But the gun issue and mass shootings, at least in America, are complex and making any change is going to be a challenge. We have to think about the regulation of guns and what kind of regulations really work.  We have to balance public safety with constitutional concerns. Some of the mass shooters had mental health concerns.  How do we address those?  Are we enforcing the laws on guns already on the books? How do we face an aspect of gun culture that in recent years fetishizes and idolizes guns? How do we get politicians who ignore concerns to care?  In debating this issue, how do we not demonize people whose views on guns are different from our own? How do we listen to each other?

When I look at this issue and all the challenges we face when it comes to gun safety, I am reminded that we have to pray.  We pray because we can’t do this on our own. We pray because we believe in a God that is active in our world and it is only through God that the impossible can become possible. Activism matters, but for Christians, it must be grounded in prayer to the One that makes a way out of no way.

New York Times columnist David French, who lives in suburban Nashville, wrote recently that prayer is not the only response to the school shooting, but it needs to be one of the responses. He writes,

I do not for a moment think that prayer is the only response to tragedy. But for me and millions of others it is a necessary response. On that terrible day and that mournful night, when people I know were torn in two by unspeakable loss, I prayed with my friends and with my neighbors. I prayed that God would comfort the families of the fallen, that pastors and other caregivers would possess the wisdom to minister effectively, that families and friends would be aware of and respond to the troubled young people in their midst, and that lawmakers could also demonstrate the wisdom and (just as important) moral courage to enact the policies that can make a difference.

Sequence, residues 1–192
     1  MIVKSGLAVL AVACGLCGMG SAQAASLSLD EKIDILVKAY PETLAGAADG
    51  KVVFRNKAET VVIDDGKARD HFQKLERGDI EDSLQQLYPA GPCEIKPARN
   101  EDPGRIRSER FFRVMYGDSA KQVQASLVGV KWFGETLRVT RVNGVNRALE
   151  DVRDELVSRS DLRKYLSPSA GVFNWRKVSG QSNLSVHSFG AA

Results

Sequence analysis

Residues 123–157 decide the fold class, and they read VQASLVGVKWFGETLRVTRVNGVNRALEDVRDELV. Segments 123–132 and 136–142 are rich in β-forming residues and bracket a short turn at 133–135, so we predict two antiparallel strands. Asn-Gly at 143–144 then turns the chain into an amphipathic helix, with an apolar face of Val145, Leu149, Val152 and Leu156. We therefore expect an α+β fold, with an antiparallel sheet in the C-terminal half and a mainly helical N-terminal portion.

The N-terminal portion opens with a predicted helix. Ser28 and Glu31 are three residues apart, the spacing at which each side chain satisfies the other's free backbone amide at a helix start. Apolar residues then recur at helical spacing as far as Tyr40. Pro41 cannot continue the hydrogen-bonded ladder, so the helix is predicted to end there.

It was 55 years ago this week that Martin Luther King was assasinated in Memphis as he was leading a protest by striking sanitation workers. What people didn’t know is that King had planned to go from this protest to a Trappist monastery in Kentucky run by Thomas Merton for a spiritual retreat. Writing in US Catholic, Father Bryan Massingale shares how important spiritual practices such as prayer were to the civil rights leader. Massingale notes:

…one of King’s spiritual disciplines as a young pastor was carving out significant time each week for prayer and meditation as a part of his sermon preparation. Later in his life, even in the midst of a crushing speaking calendar and the incessant demands of national leadership, King often would spend what he called a “prayer-centered day” in a motel while he traveled, longing for the “spiritual renewal” obtained through inner quiet and contemplative prayer.

…he insisted that prayer is an essential dimension of social engagement and never a secondary force in the quest of justice. King scholar Lewis Baldwin maintains that King believed that the struggle against the triple evils of racism, poverty, and war required “the combination of prayer, intelligence, and sustained activism.” King’s own prayer life is a witness against opposing spiritual maturity and action on behalf of justice.

In the aftermath of such horror as the slaughter of innocents, prayer might seem rather weak. But in reality, it might be the most powerful thing we do. If we want to see real change in our society, it will come when we are willing to get on our knees as much as we want to march in the streets.